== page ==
What is strange about Shovel Knight is that it manages to be overly familiar, while still embracing a charm unique to itself. The overworld and ending reek of Super Mario Bros. 3, but they feel fresh. The focus on stages with unique and flamboyant boss battles are heavily reminiscent of Mega Man. The gameplay feels like a mashup of Duck Tales and Castlevania and the art style reminds me often of the Commander Keen games. As styles cross, I can point to the screen and tell you which element comes from which game. But I don’t. I’m too wrapped up in the engaging world that Yacht Club has invented for its titular hero.
Speaking of our titular hero, Shovel Knight is perfect. There is the raw mix of indie humour and classic reverence. While the concept of a Knight walking around with a shovel to battle evil may be mad, it wouldn’t be out of place among other NES platformers. That’s the problem with many AAA games – they take themselves far too seriously. Some may say that indie games are full of nothing but inside jokes (I concede butt mode does point at this), but there is nothing inside about the design of Shovel Knight. Think about how truly insane many classic games are. Mario is an overweight plumber who kills turtles by jumping on them while getting large on mushrooms and shooting fire after touching flowers. Sonic the Hedgehog stars and anthropomorphic hedgehog – with attitude – who tries to destroy machines in order to free non-anthropomorphic animals from a scientist resembling an egg. By comparison, a chivalrous lad with a shovel is downright sane.
But it isn’t just about the hero. Each villain is oozing with personality. Lazy boss design could have been excused, but Yacht Club went all the way in making each boss memorable, whether it is the flying dandy, Propeller Knight, the slightly-less-than-sane Plague Knight, or the tiny Tinker Knight. Complete with theme-appropriate stages, and unique dialogue, these bosses are as much of a joy to behold as they are to fight. Such a thing may seem so ancillary to game-making, especially compared to the raw gameplay, but creating an interesting and vibrant world and enemies will bring me back to a game even if the gameplay is boring.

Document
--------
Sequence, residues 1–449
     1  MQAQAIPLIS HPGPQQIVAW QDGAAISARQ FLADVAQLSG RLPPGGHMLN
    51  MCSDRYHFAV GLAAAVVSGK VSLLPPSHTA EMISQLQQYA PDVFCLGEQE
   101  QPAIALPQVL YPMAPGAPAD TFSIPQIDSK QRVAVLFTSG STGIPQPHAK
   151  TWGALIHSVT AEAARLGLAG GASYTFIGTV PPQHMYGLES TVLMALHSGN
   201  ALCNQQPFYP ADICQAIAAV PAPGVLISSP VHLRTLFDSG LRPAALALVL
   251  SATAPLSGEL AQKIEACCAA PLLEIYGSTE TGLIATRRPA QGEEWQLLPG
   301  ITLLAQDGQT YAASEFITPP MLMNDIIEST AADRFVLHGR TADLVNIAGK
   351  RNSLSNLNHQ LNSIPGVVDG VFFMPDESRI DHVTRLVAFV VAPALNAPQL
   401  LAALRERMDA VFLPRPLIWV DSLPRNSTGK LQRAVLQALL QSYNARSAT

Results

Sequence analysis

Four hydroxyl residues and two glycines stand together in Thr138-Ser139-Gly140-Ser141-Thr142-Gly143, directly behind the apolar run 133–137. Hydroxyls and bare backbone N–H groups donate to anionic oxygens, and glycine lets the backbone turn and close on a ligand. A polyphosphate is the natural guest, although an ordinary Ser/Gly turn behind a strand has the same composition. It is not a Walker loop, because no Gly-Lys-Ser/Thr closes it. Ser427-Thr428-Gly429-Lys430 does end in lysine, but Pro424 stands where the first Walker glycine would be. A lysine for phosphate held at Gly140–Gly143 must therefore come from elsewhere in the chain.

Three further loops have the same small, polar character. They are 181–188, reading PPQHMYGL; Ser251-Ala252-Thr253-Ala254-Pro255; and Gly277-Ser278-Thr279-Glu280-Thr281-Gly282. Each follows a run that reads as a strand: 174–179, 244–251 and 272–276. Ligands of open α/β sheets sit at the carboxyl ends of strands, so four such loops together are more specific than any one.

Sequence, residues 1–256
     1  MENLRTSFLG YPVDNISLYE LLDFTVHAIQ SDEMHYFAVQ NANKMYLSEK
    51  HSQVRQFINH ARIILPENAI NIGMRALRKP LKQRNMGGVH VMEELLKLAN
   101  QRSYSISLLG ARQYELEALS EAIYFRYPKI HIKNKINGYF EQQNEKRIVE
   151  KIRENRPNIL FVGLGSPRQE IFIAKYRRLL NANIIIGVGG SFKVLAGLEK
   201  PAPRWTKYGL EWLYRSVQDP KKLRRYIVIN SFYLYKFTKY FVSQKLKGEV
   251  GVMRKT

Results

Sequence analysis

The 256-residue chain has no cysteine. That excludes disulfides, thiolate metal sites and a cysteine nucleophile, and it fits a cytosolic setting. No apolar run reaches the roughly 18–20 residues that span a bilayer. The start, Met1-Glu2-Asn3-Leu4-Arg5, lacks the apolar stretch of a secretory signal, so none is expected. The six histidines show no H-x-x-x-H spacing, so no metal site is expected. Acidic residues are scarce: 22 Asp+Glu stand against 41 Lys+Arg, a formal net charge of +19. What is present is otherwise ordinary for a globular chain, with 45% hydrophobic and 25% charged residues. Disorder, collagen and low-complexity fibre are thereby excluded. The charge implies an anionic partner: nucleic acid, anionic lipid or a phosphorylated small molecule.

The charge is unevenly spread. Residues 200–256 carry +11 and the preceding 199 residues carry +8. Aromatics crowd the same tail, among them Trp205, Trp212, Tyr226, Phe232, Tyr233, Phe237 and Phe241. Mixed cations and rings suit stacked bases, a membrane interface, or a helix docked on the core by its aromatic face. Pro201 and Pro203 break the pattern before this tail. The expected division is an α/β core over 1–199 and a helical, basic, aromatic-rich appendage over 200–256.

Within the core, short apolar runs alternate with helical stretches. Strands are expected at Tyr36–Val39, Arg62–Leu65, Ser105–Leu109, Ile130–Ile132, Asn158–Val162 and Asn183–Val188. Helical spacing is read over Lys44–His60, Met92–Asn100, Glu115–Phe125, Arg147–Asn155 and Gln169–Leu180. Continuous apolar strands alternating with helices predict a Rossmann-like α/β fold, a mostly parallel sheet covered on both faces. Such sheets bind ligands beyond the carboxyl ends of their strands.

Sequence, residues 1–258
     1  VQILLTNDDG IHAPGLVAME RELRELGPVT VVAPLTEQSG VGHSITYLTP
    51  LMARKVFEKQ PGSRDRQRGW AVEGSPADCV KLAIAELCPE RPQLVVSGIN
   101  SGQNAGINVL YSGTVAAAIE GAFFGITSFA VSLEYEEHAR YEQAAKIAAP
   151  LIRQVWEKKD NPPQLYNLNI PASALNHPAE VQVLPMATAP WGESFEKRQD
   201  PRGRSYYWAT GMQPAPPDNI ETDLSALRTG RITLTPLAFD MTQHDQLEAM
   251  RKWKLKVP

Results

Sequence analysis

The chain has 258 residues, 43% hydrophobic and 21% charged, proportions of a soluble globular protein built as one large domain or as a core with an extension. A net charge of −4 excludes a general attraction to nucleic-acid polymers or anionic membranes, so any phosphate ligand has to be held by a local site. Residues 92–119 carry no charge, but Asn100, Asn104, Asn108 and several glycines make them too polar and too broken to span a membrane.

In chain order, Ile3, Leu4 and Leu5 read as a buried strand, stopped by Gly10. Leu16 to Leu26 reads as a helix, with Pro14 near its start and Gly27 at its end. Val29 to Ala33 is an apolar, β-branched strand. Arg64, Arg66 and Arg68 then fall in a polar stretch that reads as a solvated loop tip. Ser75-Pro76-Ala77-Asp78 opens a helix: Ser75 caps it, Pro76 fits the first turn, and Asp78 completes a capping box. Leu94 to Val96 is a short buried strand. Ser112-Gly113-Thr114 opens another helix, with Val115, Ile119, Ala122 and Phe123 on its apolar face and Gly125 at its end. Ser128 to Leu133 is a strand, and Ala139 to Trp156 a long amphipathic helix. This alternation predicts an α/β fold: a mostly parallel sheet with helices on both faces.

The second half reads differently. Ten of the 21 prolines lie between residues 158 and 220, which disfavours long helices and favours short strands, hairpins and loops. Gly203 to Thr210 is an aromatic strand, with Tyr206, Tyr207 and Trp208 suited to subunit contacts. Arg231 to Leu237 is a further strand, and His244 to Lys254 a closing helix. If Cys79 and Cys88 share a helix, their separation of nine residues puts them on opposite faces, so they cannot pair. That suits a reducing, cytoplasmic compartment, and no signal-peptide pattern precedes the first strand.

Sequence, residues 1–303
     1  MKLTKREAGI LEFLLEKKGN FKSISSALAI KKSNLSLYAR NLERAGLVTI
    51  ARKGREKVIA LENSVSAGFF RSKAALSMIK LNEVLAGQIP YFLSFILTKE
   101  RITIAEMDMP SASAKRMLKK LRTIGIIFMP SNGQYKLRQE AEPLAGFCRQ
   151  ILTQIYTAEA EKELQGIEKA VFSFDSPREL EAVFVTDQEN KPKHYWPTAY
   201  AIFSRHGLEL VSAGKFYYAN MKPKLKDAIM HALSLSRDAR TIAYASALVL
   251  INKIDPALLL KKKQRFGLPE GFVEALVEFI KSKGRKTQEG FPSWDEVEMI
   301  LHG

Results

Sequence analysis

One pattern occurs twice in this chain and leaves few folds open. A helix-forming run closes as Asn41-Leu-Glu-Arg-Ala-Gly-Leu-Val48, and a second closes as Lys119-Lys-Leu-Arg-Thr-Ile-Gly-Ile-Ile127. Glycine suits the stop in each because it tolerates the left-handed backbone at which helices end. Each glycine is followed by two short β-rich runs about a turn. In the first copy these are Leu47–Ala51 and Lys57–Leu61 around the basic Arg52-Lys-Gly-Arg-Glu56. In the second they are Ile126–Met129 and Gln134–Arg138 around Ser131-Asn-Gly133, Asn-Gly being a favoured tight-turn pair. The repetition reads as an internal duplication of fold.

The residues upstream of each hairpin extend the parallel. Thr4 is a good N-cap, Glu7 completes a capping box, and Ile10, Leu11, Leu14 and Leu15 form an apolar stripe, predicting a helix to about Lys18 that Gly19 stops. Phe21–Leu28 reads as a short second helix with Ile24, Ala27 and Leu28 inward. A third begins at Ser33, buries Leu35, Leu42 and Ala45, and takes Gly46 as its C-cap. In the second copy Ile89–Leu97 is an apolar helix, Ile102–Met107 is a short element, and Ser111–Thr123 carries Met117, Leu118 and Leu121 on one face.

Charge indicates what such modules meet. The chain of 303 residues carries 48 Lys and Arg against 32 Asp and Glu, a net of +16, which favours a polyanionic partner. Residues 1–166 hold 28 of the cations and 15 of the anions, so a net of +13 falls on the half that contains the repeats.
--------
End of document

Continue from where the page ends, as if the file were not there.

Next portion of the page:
The core of Shovel Knight is entirely enjoyable with or without nostalgia – that’s what makes it so powerful. Everything about it, from the secrets around every corner, to the fanciful sub-weapons makes Shovel Knight a solid game for new and old users. Nostalgia is a tool that many indie developers of retro-inspired games rely a little too much on. The only area in Shovel Knight I’d say is mostly fuelled by nostalgia is in its soundtrack. The chip tunes style works for me, but that’s because I grew up with similar tracks. I’m not certain it appeals to younger gamers, unclouded by nostalgia. Nevertheless, the fact that Shovel Knight can work in and out of a nostalgia haze sets it apart from a whole host of games that can’t – indie or AAA.
All of that isn’t to stand from the roof top and shill for Shovel Knight, but merely to point out the quality of a game that happens to be part of a subset of games that people are convinced are incapable of quality. Not only that, but Shovel Knight is something indie developers should themselves pay attention to. That perfect mix of nostalgia and unique charm is something that is very difficult to capture, and Shovel Knight did it with style.